Ryan Hemsworth on Quarter-Life Crisis, Finding Community on Twitch, and His Love for Gossip Girl (KEXP Interview)

Interviews
12/16/2020
Jasmine Albertson
photo by Colin Medley

It’s freezing in Ontario. Or so says Canadian producer Ryan Hemsworth, who was working out of an attic in the port city of Hamilton last month when I spoke to him. It’s interesting thinking of a superstar producer who’s graced countless festival stages to hoards of dancing fans being relegated to an attic in an obscure (at least, to me) Canadian city that is definitely not named after the man for whom the successful musical is based on. But it’s quarantine and, in some ways, we’re all stuck in a freezing attic (at least mentally).

The conversation takes place about a week before Hemsworth released his debut EP under the name Quarter-Life Crisis. The new moniker signals a departure from Hemsworth’s prior eponymous work which ranged in style from bombastic dance-pop numbers to glimmering electronic ruminations, all while still mostly being pigeonholed under that most egregiously vague genre title, EDM.

His versatility comes from his ability and willingness to collaborate with a variety of musicians, from R&B chanteuses like Tinashe, up-and-coming rappers such as Yurufuwa Gang, and glitchy electronic artists like Baths. His ability to fuse their style with his own, in a way that stays true to both artists, is what makes him stand out as a most skillful producer.

Quarter-Life Crisis is no different, in that regard, and yet miles away from the festival-ready dance tracks of past. Teaming up with indie artists Meg Duffy of Hand Habits, Frances Quinlan, Charlie Martin of Hovvdy, Yohuna, and Claud, the 6-track EP is a long-desired experiment at “going indie” (it’s a big year for that!).

And it succeeds magnificently, with every track pulling the unique qualities of each musician to make them all distinctive and special. Hemsworth cites his high school days of learning guitar and listening to Grandaddy and Bright Eyes as inspirations for his writing process on the EP. If he was called a “sad boy” before, the title’s certainly not leaving now.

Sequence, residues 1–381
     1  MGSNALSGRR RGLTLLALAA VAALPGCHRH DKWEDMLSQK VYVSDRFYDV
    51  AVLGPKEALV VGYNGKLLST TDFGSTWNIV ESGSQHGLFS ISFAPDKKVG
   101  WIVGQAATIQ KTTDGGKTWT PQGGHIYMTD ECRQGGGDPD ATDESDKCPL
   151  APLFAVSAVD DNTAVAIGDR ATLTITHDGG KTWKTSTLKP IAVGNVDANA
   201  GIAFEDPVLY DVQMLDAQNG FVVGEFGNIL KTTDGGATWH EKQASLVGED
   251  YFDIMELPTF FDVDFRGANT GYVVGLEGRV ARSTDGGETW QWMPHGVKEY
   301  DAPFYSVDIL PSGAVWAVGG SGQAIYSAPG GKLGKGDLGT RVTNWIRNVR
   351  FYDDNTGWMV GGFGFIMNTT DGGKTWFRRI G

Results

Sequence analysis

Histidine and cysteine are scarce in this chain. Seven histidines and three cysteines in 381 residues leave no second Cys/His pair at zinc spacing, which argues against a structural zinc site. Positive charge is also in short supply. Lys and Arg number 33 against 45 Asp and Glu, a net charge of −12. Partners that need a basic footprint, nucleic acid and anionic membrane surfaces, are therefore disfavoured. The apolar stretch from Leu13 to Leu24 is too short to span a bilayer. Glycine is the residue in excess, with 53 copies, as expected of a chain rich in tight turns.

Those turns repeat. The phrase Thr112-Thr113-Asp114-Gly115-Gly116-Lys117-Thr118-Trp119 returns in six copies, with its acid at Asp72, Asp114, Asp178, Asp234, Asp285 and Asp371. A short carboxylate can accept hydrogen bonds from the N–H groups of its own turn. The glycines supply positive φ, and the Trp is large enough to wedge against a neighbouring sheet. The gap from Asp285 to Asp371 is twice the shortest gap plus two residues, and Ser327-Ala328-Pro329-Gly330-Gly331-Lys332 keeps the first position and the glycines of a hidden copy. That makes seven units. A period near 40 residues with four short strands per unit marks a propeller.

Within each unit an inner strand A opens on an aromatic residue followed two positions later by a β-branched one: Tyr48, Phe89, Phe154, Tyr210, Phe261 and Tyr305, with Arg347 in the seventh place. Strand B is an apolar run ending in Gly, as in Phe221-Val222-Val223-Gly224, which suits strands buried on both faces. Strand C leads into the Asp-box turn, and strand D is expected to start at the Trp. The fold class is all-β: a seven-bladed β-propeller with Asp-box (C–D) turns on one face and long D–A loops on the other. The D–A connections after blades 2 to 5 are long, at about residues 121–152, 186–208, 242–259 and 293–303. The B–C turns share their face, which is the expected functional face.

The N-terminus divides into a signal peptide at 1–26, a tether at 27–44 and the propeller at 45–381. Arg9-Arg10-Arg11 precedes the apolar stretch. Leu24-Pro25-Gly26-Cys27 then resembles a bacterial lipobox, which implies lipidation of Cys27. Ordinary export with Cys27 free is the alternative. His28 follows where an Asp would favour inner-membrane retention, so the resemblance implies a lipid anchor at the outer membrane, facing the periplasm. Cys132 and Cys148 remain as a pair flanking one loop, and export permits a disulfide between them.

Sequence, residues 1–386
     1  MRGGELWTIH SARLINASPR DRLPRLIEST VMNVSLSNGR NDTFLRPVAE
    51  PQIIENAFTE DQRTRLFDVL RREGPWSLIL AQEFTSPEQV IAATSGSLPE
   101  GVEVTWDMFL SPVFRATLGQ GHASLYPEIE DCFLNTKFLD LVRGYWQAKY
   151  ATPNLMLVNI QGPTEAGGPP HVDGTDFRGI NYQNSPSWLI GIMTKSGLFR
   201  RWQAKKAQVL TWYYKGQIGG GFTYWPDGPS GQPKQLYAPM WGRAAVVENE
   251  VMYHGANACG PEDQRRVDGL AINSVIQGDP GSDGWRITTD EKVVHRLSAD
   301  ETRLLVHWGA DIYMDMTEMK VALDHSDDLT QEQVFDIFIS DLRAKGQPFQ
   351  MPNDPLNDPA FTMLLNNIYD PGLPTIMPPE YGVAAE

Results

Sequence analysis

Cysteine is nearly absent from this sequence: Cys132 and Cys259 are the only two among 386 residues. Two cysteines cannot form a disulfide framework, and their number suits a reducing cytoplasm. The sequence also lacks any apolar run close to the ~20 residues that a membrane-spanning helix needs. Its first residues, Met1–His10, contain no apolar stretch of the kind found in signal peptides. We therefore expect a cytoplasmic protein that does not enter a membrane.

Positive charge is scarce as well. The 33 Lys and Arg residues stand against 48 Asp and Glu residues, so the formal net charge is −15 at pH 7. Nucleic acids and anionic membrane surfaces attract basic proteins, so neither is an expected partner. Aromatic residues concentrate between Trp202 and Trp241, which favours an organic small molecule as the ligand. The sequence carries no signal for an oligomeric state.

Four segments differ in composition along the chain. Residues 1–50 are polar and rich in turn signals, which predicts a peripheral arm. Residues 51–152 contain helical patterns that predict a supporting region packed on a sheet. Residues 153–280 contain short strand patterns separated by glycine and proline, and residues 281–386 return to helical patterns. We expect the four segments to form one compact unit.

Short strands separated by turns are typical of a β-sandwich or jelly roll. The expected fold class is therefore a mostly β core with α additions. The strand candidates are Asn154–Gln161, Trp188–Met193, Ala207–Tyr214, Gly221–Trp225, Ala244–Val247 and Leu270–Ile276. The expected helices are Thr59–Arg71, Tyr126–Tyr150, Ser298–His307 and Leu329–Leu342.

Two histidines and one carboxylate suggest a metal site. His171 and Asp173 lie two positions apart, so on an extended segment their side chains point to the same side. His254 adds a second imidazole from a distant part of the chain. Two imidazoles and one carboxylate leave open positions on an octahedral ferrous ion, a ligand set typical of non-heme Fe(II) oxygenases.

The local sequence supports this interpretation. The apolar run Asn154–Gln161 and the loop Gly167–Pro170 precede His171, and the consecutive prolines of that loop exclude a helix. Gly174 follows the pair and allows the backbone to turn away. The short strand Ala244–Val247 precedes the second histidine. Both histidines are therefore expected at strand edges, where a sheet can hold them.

Below, read KEXP’s conversation with Hemsworth about the making of Quarter-Life Crisis, how he found a community on Twitch, and, of course, his love for Gossip Girl.

 

 


So, let's talk about Quarter-Life Crisis. The latest single from the EP dropped yesterday, "You and Me," with Claud which, first of all, they're an artist I actually was not super familiar with. I'm a massive fan of Frances Quinlan and Hand Habits and Yohuna and Hovvdy, but they're new for me. How did you get connected with them?

That was I think actually the same week that I made the song with Hand Habits. I had a different session that I kind of lined up with Harmony from Girlpool. And Claud was in the other studio right next door. So they just came by and said hi. It wasn't even any kind of, you know, "Let's collab," type situation. I was just like, "Hey, nice to meet you. I love your stuff." And then, I think I followed up a few weeks later. I was like, "If you ever want to make a thing, here's something I just started with you in mind." And then I just sent some guitar parts and went from there.

That's awesome. Highly convenient!

Yeah, definitely! Honestly, I do miss that, you know, the way L.A. works in that way where you're just like next door to someone who's really awesome and you're a fan of. Whereas in Hamilton, or I was in Toronto before, I didn't really go to studios. I just hang out at home and make stuff.

 

 

Right. Which is also probably good as well, to have the time to bunker down and get stuff done.

Yeah. Especially in these last six months or whatever for sure.

Yeah, how have you been doing with everything?